In recent years, we’ve scene seen several beer name disputes among breweries such as:

Avery and Russian River: Collaboration Not Litigation

Whipin(Namaste) and Dogfish

Oasis and New Belgium: Slow Ride

New Braunfels and Shiner(Gambrinus): Wicked Fuel

But Kelly Meyers of New Braunfels Brewing, not happy with the status quo, has now taken beer name disputes to a new level.

Recently several of us received an email complaining about New Braunfels Brewing use of Hindu deities in the naming of their beers titles: “Upset Hindus urge Texas brewery to withdraw Lord Shiva beers”

Picture of Beers New Braunfels Brewing Company Shivas Tears

Here are few paragraphs from the email:
“Upset Hindus are urging New Braunfels (Texas) based New Braunfels Brewing Company (NBBC) to withdraw three beers named after Hindu deity Lord Shiva, calling these highly inappropriate.

These are: “Shiva’s Tears”, “Shiva’s Wrath” and “Cosmic Dancer”.

Hindu statesman Rajan Zed, in a statement in Nevada today, said that inappropriate usage of Hindu deities or concepts or symbols for commercial or other agenda was not okay as it hurt the devotees.”

Below you will find Kelly Meyers response:

“Lord Shiva can stick up for himself

Today some cool cat from Reno Nevada decided that he spoke for all of Hinduism, the Hindu followers and Lord Shiva himself, which while clearly self serving I also find to be a bit misguided.
Lord Shiva being one part of the Hindu triad of all-powerful deities. He is responsible for destruction in a great many forms, from demons to worlds, and, ultimately, the entire universe. In that destruction he is also responsible for the creation and birth of equally as much beauty.

My usage of his name comes out of a deep respect for the traditions and truths taught by the Hindu faith. A reverence for the origin story of the Rudraksha tree and the subsequent prayer beads that Hindus use in prayer and meditation.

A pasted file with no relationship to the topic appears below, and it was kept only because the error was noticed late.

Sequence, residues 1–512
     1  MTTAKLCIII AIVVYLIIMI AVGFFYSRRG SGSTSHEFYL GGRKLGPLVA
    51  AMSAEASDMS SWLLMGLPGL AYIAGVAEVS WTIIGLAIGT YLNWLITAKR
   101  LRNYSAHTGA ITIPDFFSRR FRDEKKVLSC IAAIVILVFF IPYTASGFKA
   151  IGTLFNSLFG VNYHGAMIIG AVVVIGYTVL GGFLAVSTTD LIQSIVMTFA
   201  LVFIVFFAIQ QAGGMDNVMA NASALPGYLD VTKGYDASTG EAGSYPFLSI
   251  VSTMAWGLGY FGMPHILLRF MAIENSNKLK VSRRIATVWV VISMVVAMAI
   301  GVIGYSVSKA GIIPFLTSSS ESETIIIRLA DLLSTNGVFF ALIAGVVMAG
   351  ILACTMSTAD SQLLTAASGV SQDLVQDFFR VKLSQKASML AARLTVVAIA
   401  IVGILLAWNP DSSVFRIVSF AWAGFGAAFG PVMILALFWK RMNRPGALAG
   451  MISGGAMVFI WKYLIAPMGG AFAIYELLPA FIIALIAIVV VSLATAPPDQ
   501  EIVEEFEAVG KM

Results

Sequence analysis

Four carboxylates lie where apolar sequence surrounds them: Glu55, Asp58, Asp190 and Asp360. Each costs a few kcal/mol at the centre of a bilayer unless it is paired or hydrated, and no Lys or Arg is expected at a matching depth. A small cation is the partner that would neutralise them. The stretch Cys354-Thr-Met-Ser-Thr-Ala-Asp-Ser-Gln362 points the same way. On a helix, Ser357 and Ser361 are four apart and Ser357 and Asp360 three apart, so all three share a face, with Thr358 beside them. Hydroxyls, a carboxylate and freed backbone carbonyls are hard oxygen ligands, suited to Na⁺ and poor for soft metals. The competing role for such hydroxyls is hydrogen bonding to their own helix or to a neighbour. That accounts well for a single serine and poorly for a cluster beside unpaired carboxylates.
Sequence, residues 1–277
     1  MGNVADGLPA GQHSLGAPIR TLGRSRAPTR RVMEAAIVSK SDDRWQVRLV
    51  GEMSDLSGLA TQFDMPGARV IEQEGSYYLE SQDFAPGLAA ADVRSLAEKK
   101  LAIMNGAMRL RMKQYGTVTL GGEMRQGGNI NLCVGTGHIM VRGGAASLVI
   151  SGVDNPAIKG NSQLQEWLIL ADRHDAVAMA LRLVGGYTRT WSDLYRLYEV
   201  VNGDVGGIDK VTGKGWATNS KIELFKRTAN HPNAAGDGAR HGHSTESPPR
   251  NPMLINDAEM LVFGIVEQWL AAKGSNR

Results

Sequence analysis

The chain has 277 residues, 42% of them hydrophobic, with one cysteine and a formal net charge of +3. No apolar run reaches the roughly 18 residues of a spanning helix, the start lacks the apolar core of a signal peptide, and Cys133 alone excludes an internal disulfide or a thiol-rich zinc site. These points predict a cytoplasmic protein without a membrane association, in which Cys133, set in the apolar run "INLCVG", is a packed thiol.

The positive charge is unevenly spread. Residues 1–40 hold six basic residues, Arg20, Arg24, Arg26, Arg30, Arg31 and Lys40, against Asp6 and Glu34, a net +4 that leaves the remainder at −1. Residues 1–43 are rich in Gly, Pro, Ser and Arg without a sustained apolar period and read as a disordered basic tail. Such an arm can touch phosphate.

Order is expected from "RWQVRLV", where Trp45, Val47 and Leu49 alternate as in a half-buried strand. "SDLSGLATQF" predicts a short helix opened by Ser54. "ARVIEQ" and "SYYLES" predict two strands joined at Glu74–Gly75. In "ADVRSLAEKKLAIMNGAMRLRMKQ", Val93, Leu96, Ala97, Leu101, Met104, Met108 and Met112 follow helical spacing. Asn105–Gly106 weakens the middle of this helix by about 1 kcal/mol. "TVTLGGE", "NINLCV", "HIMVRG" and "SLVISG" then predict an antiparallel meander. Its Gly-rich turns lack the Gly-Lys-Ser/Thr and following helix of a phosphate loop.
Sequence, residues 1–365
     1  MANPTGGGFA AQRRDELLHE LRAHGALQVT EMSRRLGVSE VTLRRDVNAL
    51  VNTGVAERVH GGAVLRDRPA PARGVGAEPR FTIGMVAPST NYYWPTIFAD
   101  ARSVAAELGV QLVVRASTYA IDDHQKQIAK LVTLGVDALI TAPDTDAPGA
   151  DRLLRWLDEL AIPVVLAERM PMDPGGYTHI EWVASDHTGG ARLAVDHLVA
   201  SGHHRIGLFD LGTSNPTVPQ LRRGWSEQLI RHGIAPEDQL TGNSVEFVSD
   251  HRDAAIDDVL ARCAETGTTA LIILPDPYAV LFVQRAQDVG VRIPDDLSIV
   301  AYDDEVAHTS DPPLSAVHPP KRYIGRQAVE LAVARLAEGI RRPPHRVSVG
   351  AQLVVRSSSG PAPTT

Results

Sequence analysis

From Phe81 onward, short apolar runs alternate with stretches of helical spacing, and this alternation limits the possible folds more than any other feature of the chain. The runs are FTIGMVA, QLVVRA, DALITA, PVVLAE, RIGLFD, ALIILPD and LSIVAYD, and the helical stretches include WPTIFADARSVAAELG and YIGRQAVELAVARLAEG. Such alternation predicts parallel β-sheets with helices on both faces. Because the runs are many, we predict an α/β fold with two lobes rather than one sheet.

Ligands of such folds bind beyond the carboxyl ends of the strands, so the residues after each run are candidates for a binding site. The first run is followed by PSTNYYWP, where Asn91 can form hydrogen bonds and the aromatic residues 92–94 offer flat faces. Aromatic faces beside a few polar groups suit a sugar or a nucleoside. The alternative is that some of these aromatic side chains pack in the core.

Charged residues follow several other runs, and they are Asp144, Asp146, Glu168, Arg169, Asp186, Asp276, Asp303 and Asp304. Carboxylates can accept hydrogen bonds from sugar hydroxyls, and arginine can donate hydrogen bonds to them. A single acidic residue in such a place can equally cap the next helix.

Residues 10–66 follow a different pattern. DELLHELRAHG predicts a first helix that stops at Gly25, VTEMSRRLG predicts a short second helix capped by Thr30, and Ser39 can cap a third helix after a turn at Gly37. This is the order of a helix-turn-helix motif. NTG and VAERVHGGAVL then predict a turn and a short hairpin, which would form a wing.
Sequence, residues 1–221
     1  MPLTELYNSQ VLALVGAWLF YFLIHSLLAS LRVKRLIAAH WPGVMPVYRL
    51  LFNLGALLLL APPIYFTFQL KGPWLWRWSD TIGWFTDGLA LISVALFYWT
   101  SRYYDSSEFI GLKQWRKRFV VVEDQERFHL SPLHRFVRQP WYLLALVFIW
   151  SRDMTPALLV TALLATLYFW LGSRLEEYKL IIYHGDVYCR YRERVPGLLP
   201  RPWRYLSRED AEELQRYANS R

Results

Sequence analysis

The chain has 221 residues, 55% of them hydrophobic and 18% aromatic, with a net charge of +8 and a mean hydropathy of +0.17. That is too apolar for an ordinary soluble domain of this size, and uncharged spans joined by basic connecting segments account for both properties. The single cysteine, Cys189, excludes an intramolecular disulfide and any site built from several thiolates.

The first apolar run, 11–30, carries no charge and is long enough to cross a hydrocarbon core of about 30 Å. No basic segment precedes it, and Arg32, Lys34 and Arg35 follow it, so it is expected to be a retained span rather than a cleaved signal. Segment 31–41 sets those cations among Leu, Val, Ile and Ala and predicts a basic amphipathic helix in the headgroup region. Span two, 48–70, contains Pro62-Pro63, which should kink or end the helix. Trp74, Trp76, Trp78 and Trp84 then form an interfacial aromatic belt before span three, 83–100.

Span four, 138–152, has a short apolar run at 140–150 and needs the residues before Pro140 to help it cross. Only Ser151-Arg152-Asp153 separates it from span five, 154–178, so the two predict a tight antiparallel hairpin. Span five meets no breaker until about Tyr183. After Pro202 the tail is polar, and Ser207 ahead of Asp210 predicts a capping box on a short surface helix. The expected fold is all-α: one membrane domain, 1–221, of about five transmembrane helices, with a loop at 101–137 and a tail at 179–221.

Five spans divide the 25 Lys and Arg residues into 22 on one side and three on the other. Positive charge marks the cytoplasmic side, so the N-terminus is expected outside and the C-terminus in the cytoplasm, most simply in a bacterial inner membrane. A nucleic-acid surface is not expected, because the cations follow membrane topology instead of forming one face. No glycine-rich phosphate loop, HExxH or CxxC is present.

You see I took a journey of world religions a half decade ago that lead me on a historical and spiritual pathway. Upon reading the Bhagavad Gita I was struck by the parallels to other religions contrasted with a deeper, detailed explanation of the cosmos. The massive power and unique personality of Lord Shiva resonated with my soul in a very personal way that should be pretty obvious to anyone that knows me.

Long story short, invoking the image and history of Lord Shiva in my art is nothing short of respectful, deferential and inspirational. I didn’t do so to make a profit (Hell, I own a brewery) as much as to bring awareness to the story that most Americans have never heard and to express how the story made me feel. Maybe it was a bit audacious, but really, should art inspired by Lord Shiva be any less?

NBBC Kelly Meyer

So I believe with complete certainty that Lord Shiva doesn’t need the self proclaimed ‘Statesman’ Rajan Zed to fight his battles for him. As Hindu tradition proves, he’s perfectly capable of sticking up for himself.

So the name and the reverence for Lord Shiva stays and I truly hope Rajan finds a battle that needs to be fought, as obviously he craves the attention it brings him.”

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